Teaching Psychology in America: A History

Pages: 578
Item #: 4316310
ISBN: 978-1-55798-183-7
List Price: $9.95
Member/Affiliate Price: $9.95
Copyright: 1992
Format: Softcover
Other Format: Hardcover
Note: This book is out of print and no longer available for purchase.

While the history of psychology as a discipline is well documented, relatively little attention has been paid to the history of pedagogy in the field. Teaching Psychology in America: A History addresses this unmet need by providing an organized chronology and placing the teaching of psychology in a social and intellectual context.

A rich source of archival details and historical analyses, the 22 chapters present a comprehensive range of topics related to the art and science of teaching psychology, comparing the few standard courses taught 100 years ago with the proliferation of specialties and subfields today; examining the shifts in curriculum recommendations over time; analyzing the changes in textbooks, handbooks, and teaching-related journal articles; discussing the role of national and regional conferences and organizations in supporting psychology students and faculty; and reviewing the part played by outstanding teachers who have made distinctive contributions to psychology during the past century.

Table of Contents


—Charles D. Spielberger

—Antonio E. Puente, Janet R. Matthews, and Charles L. Brewer

—Antonio E. Puente, Janet R. Matthews, and Charles L. Brewer

I. General Issues in the Teaching of Psychology

—Antonio E. Puente

  1. Evolution of Undergraduate Curricula in Psychology, 1892–1992
    —Thomas V. McGovern
  2. Collegiate Career Advising: Status, Antecedents, and Strategies
    —Mark E. Ware
  3. The Socratic–Sophistic Continuum in Teaching Psychology and Psychological Research in America
    —John J. Furedy
  4. International Development of Psychology as an Academic Discipline
    —Helio Carpintero

II. Key Individuals in the Teaching of Psychology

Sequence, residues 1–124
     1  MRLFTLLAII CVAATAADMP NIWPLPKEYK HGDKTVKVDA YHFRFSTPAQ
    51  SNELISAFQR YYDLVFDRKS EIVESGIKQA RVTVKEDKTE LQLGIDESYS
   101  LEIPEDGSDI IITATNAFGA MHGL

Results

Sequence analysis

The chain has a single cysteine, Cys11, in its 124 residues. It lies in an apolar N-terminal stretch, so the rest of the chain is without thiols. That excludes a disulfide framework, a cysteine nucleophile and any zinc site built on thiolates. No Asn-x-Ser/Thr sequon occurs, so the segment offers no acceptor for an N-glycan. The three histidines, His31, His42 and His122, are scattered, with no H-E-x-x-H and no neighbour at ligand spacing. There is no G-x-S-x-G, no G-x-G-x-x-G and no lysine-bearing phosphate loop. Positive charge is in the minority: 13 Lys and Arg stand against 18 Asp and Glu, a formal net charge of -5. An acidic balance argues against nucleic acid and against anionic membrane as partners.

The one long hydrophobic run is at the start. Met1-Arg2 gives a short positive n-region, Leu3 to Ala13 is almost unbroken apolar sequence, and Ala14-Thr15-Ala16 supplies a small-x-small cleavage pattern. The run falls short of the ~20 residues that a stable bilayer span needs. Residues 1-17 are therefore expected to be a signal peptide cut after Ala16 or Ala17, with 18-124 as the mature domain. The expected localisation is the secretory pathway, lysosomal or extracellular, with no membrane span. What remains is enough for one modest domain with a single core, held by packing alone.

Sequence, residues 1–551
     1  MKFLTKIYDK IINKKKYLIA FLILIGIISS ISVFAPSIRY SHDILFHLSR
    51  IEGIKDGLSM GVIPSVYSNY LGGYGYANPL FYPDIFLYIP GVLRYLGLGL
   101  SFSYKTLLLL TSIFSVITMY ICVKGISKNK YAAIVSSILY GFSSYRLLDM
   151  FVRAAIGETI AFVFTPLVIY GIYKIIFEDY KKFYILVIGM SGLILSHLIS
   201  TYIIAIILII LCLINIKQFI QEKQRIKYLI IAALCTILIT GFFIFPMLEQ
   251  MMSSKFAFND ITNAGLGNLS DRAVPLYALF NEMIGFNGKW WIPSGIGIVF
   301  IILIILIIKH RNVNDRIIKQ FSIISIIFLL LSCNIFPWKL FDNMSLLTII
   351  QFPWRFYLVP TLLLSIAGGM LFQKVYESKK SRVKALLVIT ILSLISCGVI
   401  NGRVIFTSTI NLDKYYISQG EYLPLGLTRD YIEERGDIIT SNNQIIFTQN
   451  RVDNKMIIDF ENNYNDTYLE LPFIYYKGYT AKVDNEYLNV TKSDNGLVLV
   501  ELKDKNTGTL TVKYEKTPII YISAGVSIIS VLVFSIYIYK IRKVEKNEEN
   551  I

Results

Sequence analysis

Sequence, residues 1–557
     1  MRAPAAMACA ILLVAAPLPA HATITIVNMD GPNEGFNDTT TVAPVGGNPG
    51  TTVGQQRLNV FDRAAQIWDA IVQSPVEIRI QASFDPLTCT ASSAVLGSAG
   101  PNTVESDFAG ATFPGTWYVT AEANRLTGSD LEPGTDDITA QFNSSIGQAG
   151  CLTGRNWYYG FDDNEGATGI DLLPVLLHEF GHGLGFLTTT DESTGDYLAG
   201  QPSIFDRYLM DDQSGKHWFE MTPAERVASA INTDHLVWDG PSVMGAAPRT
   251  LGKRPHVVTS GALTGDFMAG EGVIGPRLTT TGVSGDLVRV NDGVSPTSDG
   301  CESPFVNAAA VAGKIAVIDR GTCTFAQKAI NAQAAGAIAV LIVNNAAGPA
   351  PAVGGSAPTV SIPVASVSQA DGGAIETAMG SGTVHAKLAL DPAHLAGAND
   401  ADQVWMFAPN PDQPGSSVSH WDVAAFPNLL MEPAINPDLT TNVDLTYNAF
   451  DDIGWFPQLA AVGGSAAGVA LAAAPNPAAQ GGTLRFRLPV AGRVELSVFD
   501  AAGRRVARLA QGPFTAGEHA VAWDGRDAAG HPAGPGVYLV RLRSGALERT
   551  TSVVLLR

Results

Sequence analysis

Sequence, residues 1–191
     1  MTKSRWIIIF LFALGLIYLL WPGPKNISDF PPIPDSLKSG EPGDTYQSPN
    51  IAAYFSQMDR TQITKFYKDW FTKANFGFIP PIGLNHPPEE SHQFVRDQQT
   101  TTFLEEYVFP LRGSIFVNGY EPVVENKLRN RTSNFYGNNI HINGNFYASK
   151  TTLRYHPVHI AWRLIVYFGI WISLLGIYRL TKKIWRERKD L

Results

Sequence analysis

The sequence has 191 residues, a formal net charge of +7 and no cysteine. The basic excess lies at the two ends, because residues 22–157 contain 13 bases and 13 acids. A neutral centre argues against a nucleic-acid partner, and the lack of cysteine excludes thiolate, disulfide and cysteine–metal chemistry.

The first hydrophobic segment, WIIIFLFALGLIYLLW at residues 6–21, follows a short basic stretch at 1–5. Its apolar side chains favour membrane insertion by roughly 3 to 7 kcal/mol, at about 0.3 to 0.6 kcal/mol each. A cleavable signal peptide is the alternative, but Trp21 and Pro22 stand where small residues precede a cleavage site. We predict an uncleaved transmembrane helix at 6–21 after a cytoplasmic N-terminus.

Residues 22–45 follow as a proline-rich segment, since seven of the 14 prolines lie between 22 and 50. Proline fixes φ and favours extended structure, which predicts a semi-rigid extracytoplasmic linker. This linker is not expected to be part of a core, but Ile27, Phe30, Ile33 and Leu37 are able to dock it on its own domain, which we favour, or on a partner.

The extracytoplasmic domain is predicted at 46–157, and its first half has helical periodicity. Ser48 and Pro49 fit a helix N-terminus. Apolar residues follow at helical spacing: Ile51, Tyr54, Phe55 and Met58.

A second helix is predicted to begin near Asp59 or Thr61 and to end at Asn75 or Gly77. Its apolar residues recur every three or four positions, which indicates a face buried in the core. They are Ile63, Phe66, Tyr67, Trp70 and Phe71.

—Antonio E. Puente

  1. Psychologists as Teachers: Sketches Toward a History of Teaching During 100 Years of American Psychology
    —Donald A. Dewsbury and Wade E. Pickren
  2. A Brief History of the American Psychological Foundation's Award for Distinguished Teachers of Psychology
    —David J. Pittenger
  3. Women: Their Influence and Their Impact on the Teaching of Psychology
    —FlorenceL. Denmark and Linda C. Fernandez
  4. Ethnic Minorities in the Teaching of Psychology
    —L. Phillip Guzman, R. Steven Schiavo, and Antonio E. Puente
  5. "I Was Just Lucky": An Interview With Model Teacher Wilbert J. McKeachie
    —Jane S. Halonen

III. Conferences Advancing the Teaching of Psychology

—Janet R. Matthews

  1. National Conferences on Undergraduate Psychology
    —Margaret A. Lloyd and Charles L. Brewer
  2. Education and Training Conferences in Graduate Education
    —Cynthia Belar
  3. Conferences on Internship and Postdoctoral Training
    —Cynthia Belar
  4. Regional Conferences for Teachers and Students of Psychology
    —Stephen F. Davis and Randolph A. Smith

IV. Organized Psychology in Advancing the Teaching of Psychology

—Janet R. Matthews

  1. The American Psychological Association and the Teaching of Psychology, 1892–1945
    —C. James Goodwin
  2. Advancing the Teaching of Psychology: Contributions of the American Psychological Association, 1946–1992
    —Paul D. Nelson and George Stricker
  3. Division in Search of Self: A History of APA Division 2, the Division of the Teaching of Psychology
    —Randall D. Wight and Stephen F. Davis
  4. A Quartet of Councils Interested in the Teaching of Psychology
    —RandolphA. Smith
  5. Psi Chi and Psi Beta: The Two National Honor Societies in Psychology
    —Ruth Hubbard Cousins, Carol Tracy, and Peter J. Giordano

V. Key Publications in the Teaching of Psychology

—Charles L. Brewer

  1. Teaching of Psychology, the Journal
    —Robert S. Daniel
  2. Portraits of a Discipline: An Examination of Introductory Psychology Textbooks in America
    —Wayne Weiten and Randall D. Wight
  3. Psychological Handbooks: History and Function
    —James L. Pate
  4. Constancy and Change: Teaching as Depicted in Psychology Journals
    —Bernard C. Beins


About the Editors

Reviews & Awards

Cover[s] a range of topics related to the teaching of psychology over the last 100 years…Rich in archival details and historical analyses that consider the social and intellectual contexts for psychology, the volume is coherent and highly readable…More than a reference source of interest to historians for details on such items as recipients of teaching awards and the recommendations of the several national conferences, many chapters offer excellent discussions that provide provocative perspectives on academic psychology's present and future prospects.
—CHOICE Magazine